Rolling Stone hailed it as the best ever live album, and they may still be right…
~Chris Jones (BBC – 2007)
The Who at Leeds for their greatest live in 1970! it’s the ONLY VIDEO of this concert!
Fortune Teller (0:00 to 0:05) – Happy Jack (0:06 to 0:13) – I’m a Boy (0:14 to 0:33) – A Quick One While He’s Away (0:34 to 2:09) – Christmas (2:10 to 3:05) – Pinball Wizard (3:06 to 3:22) – Go to The Mirror (3:22 to 3:26) – Smash The Mirror (3:27 to 3:35)- Tommy’s Holliday Camp (3:36 to 3:45) – We’re Not Gonna Take It (with See Me, Feel Me) (3:46 at the end)
1970 Original LP – Full Album:
|Released||16 May 1970|
|Recorded||14 February 1970,
University of Leeds,
Leeds, West Riding of Yorkshire,
England, United Kingdom
|Producer||Jon Astley, Kit Lambert, and The Who|
Live at Leeds is The Who’s first live album, and is the only live album that was released while the group were still actively recording and performing with their best known line-up of Roger Daltrey, Pete Townshend, John Entwistle and Keith Moon. Initially released in the United States on 16 May 1970, by Decca and MCA and the United Kingdom on 23 May 1970, by Track and Polydor, the album has been reissued on several occasions and in several different formats. As of 2005, the album is ranked number 170 on Rolling Stone magazine’s list of the 500 greatest albums of all time.
The album has been cited as the best live rock recording of all time by The Telegraph, The Independent, The New York Times, the BBC, and Rolling Stone. It is included in the book 1001 Albums You Must Hear Before You Die, and in Q magazine’s list of Loudest Albums of All Time. A Rolling Stone readers’ poll in 2012 ranked it the best live album of all time.
Shakin’ All Over:
- The original LP was released on 16 May 1970 in stereophonic format. The album was reissued on Compact Disc in 1985 by MCA in the US, and in 1987 by Polydor in Germany.
- In 1995, the album was reissued as a remixed CD including more songs than the original vinyl edition, as well as song introductions and other banter that had been edited out of the original release. For the remix, new vocal overdubs from Daltrey, Townshend and Entwistle were recorded to address occasional flaws in the original tapes or performances.
- In 2001, the album was released again as a part of the Universal Deluxe Edition series. The Deluxe Edition includes more chat between the songs, and the entirety of the band’s Tommy set as performed at Leeds. Again, new overdubs from the vocalists were employed at select points.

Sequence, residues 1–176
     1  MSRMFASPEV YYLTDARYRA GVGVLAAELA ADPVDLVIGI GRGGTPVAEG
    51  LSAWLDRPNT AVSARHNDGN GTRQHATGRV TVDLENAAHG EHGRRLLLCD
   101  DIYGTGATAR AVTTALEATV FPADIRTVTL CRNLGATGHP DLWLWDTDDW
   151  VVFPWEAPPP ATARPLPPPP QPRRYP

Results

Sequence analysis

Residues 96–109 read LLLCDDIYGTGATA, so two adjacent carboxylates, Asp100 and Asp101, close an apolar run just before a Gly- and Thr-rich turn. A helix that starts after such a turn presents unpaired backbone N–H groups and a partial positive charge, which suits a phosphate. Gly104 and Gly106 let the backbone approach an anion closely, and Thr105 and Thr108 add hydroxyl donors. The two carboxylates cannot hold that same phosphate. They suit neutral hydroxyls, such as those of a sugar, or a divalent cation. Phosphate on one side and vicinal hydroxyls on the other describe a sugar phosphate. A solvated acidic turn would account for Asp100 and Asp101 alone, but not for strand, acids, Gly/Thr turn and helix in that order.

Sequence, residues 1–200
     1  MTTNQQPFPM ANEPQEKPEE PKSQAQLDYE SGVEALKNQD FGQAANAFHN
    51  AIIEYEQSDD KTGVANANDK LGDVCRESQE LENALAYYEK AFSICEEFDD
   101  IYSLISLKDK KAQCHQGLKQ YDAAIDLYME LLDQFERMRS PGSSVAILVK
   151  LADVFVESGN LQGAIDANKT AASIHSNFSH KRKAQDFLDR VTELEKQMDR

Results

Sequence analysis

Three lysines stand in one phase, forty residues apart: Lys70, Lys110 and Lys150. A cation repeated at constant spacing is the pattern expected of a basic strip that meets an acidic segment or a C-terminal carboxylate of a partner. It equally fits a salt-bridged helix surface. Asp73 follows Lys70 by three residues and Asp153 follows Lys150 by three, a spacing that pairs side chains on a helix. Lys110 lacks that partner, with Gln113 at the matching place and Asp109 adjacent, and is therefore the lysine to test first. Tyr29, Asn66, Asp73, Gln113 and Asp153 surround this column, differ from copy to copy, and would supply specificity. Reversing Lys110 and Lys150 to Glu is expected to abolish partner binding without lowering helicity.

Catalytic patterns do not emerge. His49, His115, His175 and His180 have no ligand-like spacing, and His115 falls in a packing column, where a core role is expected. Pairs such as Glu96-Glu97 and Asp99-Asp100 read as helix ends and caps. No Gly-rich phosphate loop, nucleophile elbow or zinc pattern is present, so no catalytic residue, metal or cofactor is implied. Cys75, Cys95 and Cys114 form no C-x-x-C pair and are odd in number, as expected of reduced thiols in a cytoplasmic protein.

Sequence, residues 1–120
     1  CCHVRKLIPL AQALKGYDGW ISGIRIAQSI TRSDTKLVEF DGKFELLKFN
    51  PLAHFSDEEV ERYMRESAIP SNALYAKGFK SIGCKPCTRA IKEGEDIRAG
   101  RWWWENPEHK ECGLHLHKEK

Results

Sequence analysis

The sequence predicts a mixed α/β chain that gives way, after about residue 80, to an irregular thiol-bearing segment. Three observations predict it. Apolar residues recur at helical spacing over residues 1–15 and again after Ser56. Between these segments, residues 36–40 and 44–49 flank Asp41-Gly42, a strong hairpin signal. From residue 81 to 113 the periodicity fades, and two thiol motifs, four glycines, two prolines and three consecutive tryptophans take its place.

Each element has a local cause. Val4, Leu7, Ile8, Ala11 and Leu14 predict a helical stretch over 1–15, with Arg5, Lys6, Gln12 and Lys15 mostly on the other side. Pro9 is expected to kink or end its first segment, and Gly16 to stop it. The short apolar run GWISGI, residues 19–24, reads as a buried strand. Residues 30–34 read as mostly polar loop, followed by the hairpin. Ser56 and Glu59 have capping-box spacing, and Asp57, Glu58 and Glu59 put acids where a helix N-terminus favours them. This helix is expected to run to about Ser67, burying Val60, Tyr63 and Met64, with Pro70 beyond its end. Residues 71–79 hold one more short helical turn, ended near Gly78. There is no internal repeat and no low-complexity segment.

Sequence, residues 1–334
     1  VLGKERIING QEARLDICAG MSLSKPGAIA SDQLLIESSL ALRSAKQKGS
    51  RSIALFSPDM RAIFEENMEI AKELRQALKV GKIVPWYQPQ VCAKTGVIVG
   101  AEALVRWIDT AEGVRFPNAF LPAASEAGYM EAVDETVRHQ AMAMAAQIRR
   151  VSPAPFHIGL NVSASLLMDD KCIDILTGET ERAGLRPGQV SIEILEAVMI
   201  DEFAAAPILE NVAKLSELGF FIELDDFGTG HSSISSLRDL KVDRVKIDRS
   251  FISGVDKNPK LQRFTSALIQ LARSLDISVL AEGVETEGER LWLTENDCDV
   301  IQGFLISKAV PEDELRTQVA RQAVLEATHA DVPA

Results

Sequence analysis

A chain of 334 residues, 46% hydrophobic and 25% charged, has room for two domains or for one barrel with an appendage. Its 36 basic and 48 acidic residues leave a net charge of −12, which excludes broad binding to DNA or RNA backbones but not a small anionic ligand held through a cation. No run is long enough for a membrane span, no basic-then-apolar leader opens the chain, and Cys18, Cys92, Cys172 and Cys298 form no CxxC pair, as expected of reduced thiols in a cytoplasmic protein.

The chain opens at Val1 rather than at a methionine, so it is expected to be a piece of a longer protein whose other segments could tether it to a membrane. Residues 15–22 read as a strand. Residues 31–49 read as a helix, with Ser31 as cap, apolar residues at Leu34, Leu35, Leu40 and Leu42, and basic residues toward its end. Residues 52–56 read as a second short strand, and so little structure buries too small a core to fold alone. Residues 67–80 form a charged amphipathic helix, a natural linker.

- In October 2010, Universal Music announced the impending release of a 40th Anniversary edition of the album which would not only contain the full Leeds show from 14 February 1970 but also the band’s complete performance from Hull which was recorded the following evening as well as a heavyweight vinyl reproduction of the original six-track album, memorabilia and a replica 7 Inch Single of ‘Summertime Blues/ Heaven & Hell’. This performance had previously been unavailable because of a problem with the recording of John Entwistle’s bass guitar on the first six songs. To fix this problem his performance at the Leeds show was overdubbed over these tracks of the Hull performance using digital technology.
Album of the day
Other February 14
- Bob Dylan recorded Visions of Johanna in 1966
- Harvest is the fourth studio album by Canadian musician Neil Young, released on February 14, 1972 on Reprise Records, catalogue MS 2032. It featured the London Symphony Orchestra on two tracks, while noted guests David Crosby, Graham Nash, Linda Ronstadt,Stephen Stills, and James Taylor contributed vocals. It topped the Billboard 200 album chart for two weeks, and spawned two hit singles, “Old Man”, which peaked at #31 on the Billboard Hot 100, and “Heart of Gold”, which peaked at #1. It was the best-selling album of 1972 in the United States.
- Timothy Charles Buckley III (February 14, 1947 – June 29, 1975) was an American singer and musician. His music and style changed considerably through the years; his first album (1966) was mostly folk oriented, but over time his music incorporated jazz, psychedelia, funk, soul, avant-garde and an evolving “voice as instrument,” sound. He died aged 28, leaving behind wife Judy and son Taylor, and son Jeff Buckley from his marriage to Mary Guibert.